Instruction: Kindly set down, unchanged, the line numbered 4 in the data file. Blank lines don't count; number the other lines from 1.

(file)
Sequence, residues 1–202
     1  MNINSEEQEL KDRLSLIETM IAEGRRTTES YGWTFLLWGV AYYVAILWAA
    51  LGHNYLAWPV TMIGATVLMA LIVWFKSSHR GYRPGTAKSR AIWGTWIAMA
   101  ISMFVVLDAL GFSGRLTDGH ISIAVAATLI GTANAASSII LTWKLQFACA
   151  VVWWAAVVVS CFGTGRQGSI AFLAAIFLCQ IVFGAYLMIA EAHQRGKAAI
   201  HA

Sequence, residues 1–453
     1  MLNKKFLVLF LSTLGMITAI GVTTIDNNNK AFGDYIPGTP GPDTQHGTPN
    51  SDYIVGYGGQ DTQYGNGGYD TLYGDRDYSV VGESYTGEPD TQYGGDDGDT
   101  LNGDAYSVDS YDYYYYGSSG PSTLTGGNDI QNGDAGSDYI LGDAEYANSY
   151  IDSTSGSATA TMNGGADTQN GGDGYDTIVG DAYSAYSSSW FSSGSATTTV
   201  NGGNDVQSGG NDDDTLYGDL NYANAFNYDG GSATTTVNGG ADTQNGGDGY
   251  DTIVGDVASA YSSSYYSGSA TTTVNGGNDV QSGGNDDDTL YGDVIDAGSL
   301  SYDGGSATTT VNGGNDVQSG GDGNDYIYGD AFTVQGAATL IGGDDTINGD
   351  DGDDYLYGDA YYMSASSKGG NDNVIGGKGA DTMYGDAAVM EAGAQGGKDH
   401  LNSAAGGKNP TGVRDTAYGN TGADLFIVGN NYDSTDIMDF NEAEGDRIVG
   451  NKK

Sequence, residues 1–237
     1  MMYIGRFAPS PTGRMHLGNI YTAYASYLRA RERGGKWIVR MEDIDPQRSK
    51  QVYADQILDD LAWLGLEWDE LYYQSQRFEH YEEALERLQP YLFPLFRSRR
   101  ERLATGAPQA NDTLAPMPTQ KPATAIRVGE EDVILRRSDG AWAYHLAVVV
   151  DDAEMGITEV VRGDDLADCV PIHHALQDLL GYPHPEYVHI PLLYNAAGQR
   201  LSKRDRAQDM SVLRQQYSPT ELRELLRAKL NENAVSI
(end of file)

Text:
   101  ISMFVVLDAL GFSGRLTDGH ISIAVAATLI GTANAASSII LTWKLQFACA